Fair treatment is something you might take for granted, but as this question shows, equity at work isn’t guaranteed. I’m not sure what the specific situation is here, but let’s say that your boss gives another member of your team a certain schedule that requires you to shift your hours. Or your boss approves time off for your colleague that prevents you from taking vacation when you want. In both cases, your boss has made a decision that favors another employee in a way that impacts you.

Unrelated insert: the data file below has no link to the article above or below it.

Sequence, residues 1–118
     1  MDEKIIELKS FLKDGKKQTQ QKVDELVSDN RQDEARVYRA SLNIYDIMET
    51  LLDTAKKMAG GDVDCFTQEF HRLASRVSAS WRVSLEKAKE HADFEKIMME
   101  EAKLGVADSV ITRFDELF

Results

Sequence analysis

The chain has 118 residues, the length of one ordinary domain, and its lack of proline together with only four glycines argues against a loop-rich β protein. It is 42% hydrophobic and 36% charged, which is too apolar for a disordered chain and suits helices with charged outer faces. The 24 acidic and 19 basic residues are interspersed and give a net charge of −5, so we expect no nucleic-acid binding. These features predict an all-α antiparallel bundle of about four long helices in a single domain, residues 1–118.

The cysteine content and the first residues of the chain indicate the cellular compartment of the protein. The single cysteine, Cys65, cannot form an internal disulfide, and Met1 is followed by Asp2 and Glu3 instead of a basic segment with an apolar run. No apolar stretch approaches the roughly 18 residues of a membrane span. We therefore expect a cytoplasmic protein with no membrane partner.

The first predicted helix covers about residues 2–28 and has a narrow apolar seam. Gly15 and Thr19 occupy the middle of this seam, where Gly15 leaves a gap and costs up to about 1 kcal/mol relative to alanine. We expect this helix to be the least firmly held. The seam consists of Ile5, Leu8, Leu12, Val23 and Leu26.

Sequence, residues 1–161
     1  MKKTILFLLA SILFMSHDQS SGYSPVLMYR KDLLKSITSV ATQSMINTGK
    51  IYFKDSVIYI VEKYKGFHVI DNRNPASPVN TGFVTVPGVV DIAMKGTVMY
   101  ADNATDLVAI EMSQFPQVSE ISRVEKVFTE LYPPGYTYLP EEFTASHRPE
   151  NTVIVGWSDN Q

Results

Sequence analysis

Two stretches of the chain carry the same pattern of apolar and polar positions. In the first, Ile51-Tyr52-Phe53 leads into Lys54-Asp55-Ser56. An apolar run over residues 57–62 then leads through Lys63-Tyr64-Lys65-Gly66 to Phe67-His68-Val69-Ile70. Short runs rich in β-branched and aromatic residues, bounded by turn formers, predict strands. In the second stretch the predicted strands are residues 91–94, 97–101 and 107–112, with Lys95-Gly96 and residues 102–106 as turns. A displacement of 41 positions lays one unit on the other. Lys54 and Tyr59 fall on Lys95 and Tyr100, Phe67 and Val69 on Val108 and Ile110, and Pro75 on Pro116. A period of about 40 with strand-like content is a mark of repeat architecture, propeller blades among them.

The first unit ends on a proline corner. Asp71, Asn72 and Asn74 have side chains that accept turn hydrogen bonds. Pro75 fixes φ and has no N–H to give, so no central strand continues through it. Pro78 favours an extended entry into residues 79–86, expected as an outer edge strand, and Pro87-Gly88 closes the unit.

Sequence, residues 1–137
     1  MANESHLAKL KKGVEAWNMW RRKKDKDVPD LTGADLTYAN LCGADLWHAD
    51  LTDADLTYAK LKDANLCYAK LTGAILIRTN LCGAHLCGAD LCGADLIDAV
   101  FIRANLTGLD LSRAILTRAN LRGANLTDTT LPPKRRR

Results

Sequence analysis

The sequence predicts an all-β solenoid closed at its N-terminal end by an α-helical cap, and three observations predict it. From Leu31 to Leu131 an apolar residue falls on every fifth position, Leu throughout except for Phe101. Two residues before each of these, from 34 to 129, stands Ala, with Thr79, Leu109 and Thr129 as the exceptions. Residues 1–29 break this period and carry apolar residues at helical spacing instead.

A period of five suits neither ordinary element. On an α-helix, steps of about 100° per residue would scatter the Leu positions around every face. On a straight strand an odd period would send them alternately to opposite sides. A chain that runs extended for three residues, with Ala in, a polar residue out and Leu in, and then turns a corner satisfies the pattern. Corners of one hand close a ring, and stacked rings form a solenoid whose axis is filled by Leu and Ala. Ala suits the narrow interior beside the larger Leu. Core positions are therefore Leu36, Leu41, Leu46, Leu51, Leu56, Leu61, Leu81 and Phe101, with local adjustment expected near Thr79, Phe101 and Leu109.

Similar to flexibility, the first step in this negotiation is clarifying what you are negotiating for. Are you looking for your boss to reconsider their decision so you’re not impacted? Are you willing to go along this time but expect a similar courtesy down the road? Are you not upset with the immediate outcome but concerned that it reflects that the boss prefers your colleague over you? Once you know what outcome you desire, you can then craft the right approach. For example, if you want your boss to reconsider, you would need to build a case around why a reversal would make sense, not just for you, but for the company. If you’re more concerned about getting a similar privilege down the road, you’re negotiating for a change in policy. What matters most in any case is to maintain a positive expectation that you will be able to work out a satisfactory solution – if you’re upset and looking to complain, rather than work something out, that’s not negotiating in good faith! Get to a state where you have a clear outcome defined that you can work towards alongside your boss and colleague, not against them.